Sunday, July 25, 2010

Time For Breakfast?

Yesterday morning when we went out to check the two Bluebird nests, we found some very hungry babies.  This nest box opens up in the front so that I can check on the babies.  They would be sleeping until they heard a noise and as soon as they did, heads popped up and mouths opened!  Picture taken.


The pictures aren't very good.  I had to stick the camera lens into the box and then just snap.  I couldn't see through the viewfinder, so what I got was what I got.

We have two boxes with babies in it.  This next box appears to have only two hatched out of 4 eggs.  Sometimes, all the eggs don't hatch for whatever reason. I don't know if it's because it's later in the season and mama, or daddy are just worn out.  Last year the in the last batch of the season, only one egg hatched out of 4.

This box opens from the top, so it's a little harder to get the pictures.  Again, I just had to aim the camera and snap.  They appear to be quite a bit larger and older.



Well my hero Al, made a pretty unsuccessful frog hunt last night.  His heart just wasn't in it and he only was able to get one tree frog!  The problem is, they don't come out until dark and by that time, he was worn out.  He got a lot of work done yesterday, so I'll give him a pass. :)  Today's another day!

My two batches of soap are hardening in the guest room.  You are supposed to pour it, cover it and then not peek for 24 hours.  I am not a "don't peek" kind of girl, and I cheated....about 5 times. :)  Supposedly, when you take the cover off it changes the temperature in the soap and can cause it to fail.  It appears mine is going to be fine, despite my cheating ways!


The ingredients I used on the first batch are:  lye crystals, distilled water, olive oil, and coconut oil.  You mix the water and lye first.  It heats up from a chemical reaction.  When the temperature drops to about 100 degrees, you pour it into a pot with the oils, which you heat to about 100 degrees.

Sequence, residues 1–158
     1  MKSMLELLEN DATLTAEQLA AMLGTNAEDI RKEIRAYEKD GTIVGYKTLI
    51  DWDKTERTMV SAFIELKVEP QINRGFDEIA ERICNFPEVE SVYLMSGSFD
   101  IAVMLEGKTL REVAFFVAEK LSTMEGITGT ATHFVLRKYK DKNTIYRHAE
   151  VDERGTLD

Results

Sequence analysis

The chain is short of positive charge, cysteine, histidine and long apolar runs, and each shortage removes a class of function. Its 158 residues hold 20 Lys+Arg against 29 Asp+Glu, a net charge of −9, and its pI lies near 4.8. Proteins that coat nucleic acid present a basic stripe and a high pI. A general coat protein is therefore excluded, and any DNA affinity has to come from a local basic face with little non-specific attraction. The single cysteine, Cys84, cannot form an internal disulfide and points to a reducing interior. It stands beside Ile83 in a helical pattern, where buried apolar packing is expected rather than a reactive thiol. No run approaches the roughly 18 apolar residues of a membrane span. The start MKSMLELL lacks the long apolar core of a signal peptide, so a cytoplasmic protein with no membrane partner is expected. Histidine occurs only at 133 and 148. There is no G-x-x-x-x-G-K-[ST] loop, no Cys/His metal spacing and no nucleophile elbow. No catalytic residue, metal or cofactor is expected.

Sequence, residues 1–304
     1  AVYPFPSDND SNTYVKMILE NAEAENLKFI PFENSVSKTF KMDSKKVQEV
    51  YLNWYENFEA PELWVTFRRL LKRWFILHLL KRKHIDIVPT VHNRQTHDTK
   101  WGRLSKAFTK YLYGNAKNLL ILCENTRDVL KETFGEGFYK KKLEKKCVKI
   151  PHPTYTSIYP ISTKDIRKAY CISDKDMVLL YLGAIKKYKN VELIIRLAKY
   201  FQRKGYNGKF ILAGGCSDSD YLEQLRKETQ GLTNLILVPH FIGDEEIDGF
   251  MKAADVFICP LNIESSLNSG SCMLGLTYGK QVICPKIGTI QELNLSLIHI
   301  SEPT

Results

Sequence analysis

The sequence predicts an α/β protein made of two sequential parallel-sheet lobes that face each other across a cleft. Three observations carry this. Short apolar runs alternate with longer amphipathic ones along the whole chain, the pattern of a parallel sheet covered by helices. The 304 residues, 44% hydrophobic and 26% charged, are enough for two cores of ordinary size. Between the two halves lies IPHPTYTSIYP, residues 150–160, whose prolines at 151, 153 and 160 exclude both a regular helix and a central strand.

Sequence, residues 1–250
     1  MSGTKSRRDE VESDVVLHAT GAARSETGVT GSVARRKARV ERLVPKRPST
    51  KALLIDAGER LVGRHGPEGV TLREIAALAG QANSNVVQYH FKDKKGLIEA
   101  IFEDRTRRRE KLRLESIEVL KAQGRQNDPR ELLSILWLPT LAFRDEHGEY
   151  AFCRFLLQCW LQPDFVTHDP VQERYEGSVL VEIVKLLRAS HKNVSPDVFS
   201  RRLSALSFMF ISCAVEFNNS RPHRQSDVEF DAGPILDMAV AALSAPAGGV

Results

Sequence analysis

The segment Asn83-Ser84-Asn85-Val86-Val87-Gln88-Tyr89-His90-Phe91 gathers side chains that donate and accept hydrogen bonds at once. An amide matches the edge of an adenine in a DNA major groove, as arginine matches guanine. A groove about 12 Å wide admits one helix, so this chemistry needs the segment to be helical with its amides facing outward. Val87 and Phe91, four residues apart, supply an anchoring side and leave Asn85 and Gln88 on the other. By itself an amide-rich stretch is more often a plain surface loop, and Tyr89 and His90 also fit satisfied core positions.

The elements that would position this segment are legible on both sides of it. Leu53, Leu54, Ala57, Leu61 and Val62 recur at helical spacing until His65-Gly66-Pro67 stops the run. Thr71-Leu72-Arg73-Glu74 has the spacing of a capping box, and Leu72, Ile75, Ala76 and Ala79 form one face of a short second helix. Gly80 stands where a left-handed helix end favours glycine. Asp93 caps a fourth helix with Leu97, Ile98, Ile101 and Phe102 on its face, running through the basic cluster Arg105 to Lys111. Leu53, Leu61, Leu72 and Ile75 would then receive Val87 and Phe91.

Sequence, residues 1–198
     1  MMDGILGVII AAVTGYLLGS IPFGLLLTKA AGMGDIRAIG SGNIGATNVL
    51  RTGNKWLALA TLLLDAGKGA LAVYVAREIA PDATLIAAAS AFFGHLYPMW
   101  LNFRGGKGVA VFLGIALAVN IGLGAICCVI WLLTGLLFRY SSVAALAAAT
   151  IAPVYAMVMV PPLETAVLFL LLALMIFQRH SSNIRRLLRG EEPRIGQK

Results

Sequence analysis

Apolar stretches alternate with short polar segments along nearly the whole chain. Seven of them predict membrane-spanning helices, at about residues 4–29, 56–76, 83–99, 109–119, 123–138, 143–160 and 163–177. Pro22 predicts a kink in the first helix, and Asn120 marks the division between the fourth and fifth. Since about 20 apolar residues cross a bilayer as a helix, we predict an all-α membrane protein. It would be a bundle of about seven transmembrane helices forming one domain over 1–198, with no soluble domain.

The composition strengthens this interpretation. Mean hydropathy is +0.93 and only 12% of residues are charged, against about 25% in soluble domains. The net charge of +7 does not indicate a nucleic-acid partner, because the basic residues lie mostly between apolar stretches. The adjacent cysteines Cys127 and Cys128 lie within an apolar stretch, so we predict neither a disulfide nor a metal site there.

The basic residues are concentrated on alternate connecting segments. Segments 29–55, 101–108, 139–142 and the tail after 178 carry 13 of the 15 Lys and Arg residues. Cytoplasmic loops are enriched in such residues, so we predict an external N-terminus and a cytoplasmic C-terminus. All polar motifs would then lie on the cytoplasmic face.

This is what it looked like at this point.

 
I used a stick mixer to stir it.  Once it thickens to the proper consistency, it's ready to add fragrances and then pour.  I used a glass pan lined with a plastic garbage bag.  The plastic bag will make it easier to remove from the mold.

Here is the partially hardened soap.  I have to wait a few more hours and then I can cut it.  Once it's cut, it has to cure 6 weeks before you can use it.  I'm not sure why. It is either because the lye needs to dissipate, or  it just needs to harden further.


I'm anxious to cut it.  I have never done anything like this before and I just thought it would be fun to try.  When I started using the soap our friend gave us, I noticed some benefits on my skin. I have sun damage to my skin, from being a Floridian most of my life.  I have freckles on my legs  that are kind of raised and since I started using the soap, the raised freckles have smoothed out.  I don't know if it's the soap, or something Jaime put in her soaps, but I thought I'd continue to use it and see what happens.  It would be nice if it will heal some of the sun damage.